Seizing opportunities in today’s fast-changing world

We should not underestimate the wealth and power of modern technologies.
Sunday 18/11/2018
A sculpture of a man with a laptop by Syrian artist Wissam Muases at the Art Residency Aley in eastern Lebanon. (Reuters)
New frontier. A sculpture of a man with a laptop by Syrian artist Wissam Muases at the Art Residency Aley in eastern Lebanon. (Reuters)

Seize the opportunity. This is one of the first prerequisites of wisdom that one learns in life. True, those who rush things can be blamed for their rashness but the larger blame is likely to be directed at those who keep on hesitating at the risk of letting unique opportunities slip through their fingers.

At the level of individuals, those who falter all the time only inflict harm on themselves. Faltering at the level of countries and nations has more dramatic and fateful consequences.

Take, the 1950s and 1960s. During those decades, the Arab world achieved great cultural and social leaps forward. The former colonial powers were licking their wounds from the second world war and rebuilding what was ravaged. After the horrors of Nazism and fascism, Europe and the rest of the world no longer had any stomach for hegemonic and colonial ideologies.

That period offered a tremendous opportunity for the Arab world because it combined liberal ideas inherited from colonisation with a strong indigenous yearning for freedom and progress. No wonder then that that period produced one of the best generations of Arab intellectuals and artists and painted a picture of changing societies hungry for knowledge, open on the world and eager to participate in the worldwide impulse for progress.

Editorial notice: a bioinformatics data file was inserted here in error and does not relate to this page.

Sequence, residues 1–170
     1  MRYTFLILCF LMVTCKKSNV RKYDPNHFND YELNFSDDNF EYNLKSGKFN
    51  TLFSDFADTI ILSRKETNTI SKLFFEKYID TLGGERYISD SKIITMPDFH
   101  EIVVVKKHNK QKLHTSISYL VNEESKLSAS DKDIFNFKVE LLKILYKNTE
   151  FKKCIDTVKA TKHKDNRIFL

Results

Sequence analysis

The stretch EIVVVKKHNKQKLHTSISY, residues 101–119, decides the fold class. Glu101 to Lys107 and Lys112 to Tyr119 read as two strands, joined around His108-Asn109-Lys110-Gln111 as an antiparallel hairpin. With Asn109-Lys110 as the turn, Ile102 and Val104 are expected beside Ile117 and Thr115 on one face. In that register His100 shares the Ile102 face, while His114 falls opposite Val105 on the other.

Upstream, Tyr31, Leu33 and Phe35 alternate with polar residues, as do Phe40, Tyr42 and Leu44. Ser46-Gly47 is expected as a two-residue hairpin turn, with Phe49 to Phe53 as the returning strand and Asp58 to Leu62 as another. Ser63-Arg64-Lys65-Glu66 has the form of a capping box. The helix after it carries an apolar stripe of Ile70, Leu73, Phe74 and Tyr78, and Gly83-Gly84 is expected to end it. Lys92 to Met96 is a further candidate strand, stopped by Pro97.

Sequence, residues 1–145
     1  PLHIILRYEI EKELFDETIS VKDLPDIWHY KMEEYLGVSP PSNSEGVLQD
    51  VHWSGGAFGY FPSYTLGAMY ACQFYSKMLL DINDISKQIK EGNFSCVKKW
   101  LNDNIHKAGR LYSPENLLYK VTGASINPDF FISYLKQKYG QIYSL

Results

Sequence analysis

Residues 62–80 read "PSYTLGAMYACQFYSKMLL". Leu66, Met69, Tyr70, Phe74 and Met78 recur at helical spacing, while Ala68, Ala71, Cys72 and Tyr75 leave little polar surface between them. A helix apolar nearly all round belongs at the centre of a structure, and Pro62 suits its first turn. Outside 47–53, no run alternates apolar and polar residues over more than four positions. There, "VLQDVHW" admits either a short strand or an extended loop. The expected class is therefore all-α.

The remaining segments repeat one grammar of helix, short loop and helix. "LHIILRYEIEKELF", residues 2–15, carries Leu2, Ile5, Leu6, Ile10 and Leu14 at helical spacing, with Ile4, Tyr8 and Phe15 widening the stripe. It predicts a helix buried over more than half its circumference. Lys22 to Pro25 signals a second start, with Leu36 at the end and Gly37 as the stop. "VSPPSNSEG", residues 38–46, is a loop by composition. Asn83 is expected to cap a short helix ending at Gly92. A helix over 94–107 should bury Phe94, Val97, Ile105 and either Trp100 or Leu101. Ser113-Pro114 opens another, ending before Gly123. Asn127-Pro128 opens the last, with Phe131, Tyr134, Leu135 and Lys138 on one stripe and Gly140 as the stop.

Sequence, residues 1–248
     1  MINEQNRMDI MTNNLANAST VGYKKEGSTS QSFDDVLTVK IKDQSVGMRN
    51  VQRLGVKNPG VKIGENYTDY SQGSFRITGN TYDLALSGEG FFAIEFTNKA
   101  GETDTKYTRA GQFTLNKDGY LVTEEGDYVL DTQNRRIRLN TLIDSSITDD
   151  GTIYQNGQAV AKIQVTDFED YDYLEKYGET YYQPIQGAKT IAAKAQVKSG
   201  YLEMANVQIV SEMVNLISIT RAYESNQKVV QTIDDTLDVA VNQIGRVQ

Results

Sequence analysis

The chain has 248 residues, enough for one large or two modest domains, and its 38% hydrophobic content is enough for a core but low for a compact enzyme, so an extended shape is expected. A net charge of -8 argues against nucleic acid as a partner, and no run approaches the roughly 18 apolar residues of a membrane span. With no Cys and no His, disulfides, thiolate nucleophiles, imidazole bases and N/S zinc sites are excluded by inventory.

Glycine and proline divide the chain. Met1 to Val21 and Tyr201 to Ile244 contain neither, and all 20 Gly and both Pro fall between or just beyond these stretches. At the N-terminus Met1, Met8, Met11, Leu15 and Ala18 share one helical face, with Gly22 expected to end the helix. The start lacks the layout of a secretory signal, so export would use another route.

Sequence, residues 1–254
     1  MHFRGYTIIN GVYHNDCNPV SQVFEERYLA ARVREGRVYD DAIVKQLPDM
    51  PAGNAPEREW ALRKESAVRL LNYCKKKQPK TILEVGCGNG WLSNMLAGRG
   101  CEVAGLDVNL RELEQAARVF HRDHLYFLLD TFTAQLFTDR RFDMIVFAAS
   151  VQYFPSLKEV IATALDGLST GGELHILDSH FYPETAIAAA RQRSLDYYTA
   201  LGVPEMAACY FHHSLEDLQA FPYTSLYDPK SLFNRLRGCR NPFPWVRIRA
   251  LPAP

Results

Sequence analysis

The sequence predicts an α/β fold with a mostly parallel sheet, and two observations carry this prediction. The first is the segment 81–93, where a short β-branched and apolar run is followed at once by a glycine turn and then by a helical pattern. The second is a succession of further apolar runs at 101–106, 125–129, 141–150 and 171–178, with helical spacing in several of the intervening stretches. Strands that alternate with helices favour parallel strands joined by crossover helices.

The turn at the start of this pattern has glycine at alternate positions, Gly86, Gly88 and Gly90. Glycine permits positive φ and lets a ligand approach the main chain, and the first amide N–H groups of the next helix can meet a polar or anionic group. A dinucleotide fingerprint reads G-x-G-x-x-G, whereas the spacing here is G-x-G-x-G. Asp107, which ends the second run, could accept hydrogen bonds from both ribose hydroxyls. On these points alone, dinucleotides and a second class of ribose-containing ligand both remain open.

The second window of opportunity for the Arab world came with the oil boom of the 1970s. Petrodollars flowed in large quantities, whether directly or indirectly, into the Middle East and most of the Arab countries. The oil-producing countries benefited directly from oil revenues and many other Arab countries benefited indirectly through the remittances sent by their citizens working in the rich oil countries.

Some Arab nations embarked on huge development projects that included various aspects of economic and social life, from infrastructure to education, to embryonic installations for industries that had never existed in the region before.

Except for major historical cities, most of what we see today in Arab cities in terms of buildings and infrastructure is the product of the oil-based expenditures of the post-1970s period.

The third opportunity for the Arab world came with the communications revolution and the internet. This is an unprecedented revolution in which the concept of the global village is not a mere cliche. Satellite TV and the internet opened prospects beyond what books or radio and television offered. With them, one could see what everyone else in the world was seeing. One could instantaneously communicate with others. With smartphones, all these media and much more became portable and available to the user anytime, anywhere and accessible literally in the palm of one’s hand.